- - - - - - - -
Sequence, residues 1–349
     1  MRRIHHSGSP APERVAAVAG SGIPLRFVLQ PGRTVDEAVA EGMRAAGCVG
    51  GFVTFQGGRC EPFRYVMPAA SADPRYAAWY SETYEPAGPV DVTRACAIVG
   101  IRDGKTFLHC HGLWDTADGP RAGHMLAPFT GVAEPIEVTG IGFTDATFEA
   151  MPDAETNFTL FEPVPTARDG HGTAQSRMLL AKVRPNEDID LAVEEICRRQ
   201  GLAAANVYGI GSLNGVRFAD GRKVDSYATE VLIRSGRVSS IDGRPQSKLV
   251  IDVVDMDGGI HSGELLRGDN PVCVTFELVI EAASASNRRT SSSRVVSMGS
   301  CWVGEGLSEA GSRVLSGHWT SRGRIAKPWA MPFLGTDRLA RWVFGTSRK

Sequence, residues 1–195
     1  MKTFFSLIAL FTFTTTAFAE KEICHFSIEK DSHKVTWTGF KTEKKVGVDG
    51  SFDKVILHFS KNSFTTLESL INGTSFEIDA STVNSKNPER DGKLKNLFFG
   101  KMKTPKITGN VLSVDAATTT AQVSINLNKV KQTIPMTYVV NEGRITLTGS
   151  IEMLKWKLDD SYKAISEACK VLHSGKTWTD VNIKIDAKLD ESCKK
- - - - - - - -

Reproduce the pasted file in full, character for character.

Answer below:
Sequence, residues 1–349
     1  MRRIHHSGSP APERVAAVAG SGIPLRFVLQ PGRTVDEAVA EGMRAAGCVG
    51  GFVTFQGGRC EPFRYVMPAA SADPRYAAWY SETYEPAGPV DVTRACAIVG
   101  IRDGKTFLHC HGLWDTADGP RAGHMLAPFT GVAEPIEVTG IGFTDATFEA
   151  MPDAETNFTL FEPVPTARDG HGTAQSRMLL AKVRPNEDID LAVEEICRRQ
   201  GLAAANVYGI GSLNGVRFAD GRKVDSYATE VLIRSGRVSS IDGRPQSKLV
   251  IDVVDMDGGI HSGELLRGDN PVCVTFELVI EAASASNRRT SSSRVVSMGS
   301  CWVGEGLSEA GSRVLSGHWT SRGRIAKPWA MPFLGTDRLA RWVFGTSRK

Sequence, residues 1–195
     1  MKTFFSLIAL FTFTTTAFAE KEICHFSIEK DSHKVTWTGF KTEKKVGVDG
    51  SFDKVILHFS KNSFTTLESL INGTSFEIDA STVNSKNPER DGKLKNLFFG
   101  KMKTPKITGN VLSVDAATTT AQVSINLNKV KQTIPMTYVV NEGRITLTGS
   151  IEMLKWKLDD SYKAISEACK VLHSGKTWTD VNIKIDAKLD ESCKK